(18) 129 mins 00”.




Haneke and Huppert: a match made in heaven

Austrian auteur Michael Haneke once gain proves that less is definitely more. As with his previous films. Code Unknown and Funny Games. Haneke shows but doesn‘t tell. It‘s left to the audience to piece together the disturbed psyche of Erika Kohut. the Viennese piano tutor of the title. played (in French) by the superb

Isabelle Huppert.

The film opens with Erika returning home to the flat she shares with her mother (Annie Giraradot). Erika has bought a dress. He mother thinks it's colourful. alluring. wrong. They fight. and when the dress is accidentally torn. Erika tears at her mother’s head with her fingernails. Later. they break down and make up. From this simple scene we gather this is a very dysfunctional relationship. So. when we're made privy to Erika visiting porn shops in downtown Vienna and abusing her students - she cripples one of them with broken glass - it becomes clear Erika herself has suffered years of maternal abuse. And so when gifted young pianist Walter Klemmer (Benoit Magimel) fails in love with Erika. it‘s a sado-masochistic

affair that follows.

Haneke and Huppert are a match made in heaven. Haneke. a master of his medium. tells the tale (based on Elfriede Jelinek's novel) through a series of beautifully composed scenes. editing them together with the precision of a surgeon. Huppert capitalises on her opaque visage. providing her director with a beautifully nuanced understated performance.

It's a pleasure to ‘read' this film. and no surprise it garnered both controversy and awards at the Cannes Film festival. (Miles Fielder)

I GET. Glasgow; Fi/mhouse. Edinburgh from Fri 9 Nov.


In this violent French martial arts cop thriller Asian. star Jet Li plays a top Shanghai secret agent who arrives in Paris to assist ruthless police boss Tcheky Karyo in nailing a Chinese drugs lord. Naturally. Karyo is the real villain and within min Jtes of making (bizarrer secret) contact with his hosts. Li finds himself framed for murder and on the run. Thereafter. he triumphs in a series of slickly-edited set pieces. tackling legions of k llers without firing a Single shot and without saying a word he's a kind of lithe. diminutive Chinese version of Dirty Harry. using acupuncture instead of a Magnum.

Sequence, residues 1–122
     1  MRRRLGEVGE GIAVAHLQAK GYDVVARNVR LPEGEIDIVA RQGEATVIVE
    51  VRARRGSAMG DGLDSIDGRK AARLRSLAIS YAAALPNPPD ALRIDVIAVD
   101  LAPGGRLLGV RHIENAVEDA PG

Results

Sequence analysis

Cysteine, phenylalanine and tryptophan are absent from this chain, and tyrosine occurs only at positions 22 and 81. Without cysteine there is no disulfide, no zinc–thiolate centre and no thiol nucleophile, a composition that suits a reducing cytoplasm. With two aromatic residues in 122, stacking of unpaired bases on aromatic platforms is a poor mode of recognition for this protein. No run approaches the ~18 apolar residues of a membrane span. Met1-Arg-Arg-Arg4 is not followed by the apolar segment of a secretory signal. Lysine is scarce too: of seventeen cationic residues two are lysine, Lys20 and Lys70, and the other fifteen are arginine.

Bridget Fonda tags along as the hooker-who-knows-too-much and whose little girl is Karyo's hostage. However. it seems clear that neither she nor Karyo saw the script before being roped in by producer Luc Besson. as their parts are quite risible.

In its favour. Kiss Of The Dragon is an unusual fusion of the Yakusa gangster flick and the polICIer formula. with Chris Nahon directing the action. if not the drama. with aplomb. The photography lends everyone and everything a curiously pasty-faced patina. and Craig Armstrong's brash. pumping score won't let you alone for a minute. (John MacKenzie)

I General release from Fri 9 Nov.

Enter The Dragon meets Dirty Harry



(15) 93 mins .00

Some thing are certain in a Ken Loach film. You'll get commitment. raw performances and an unwavering loathing of the autocratic free market and those wielding anything in its name. Which is also the main problem. You know so well what you're going to get with Loach that. given the raw material of his tales. you too could make your own little Ken film.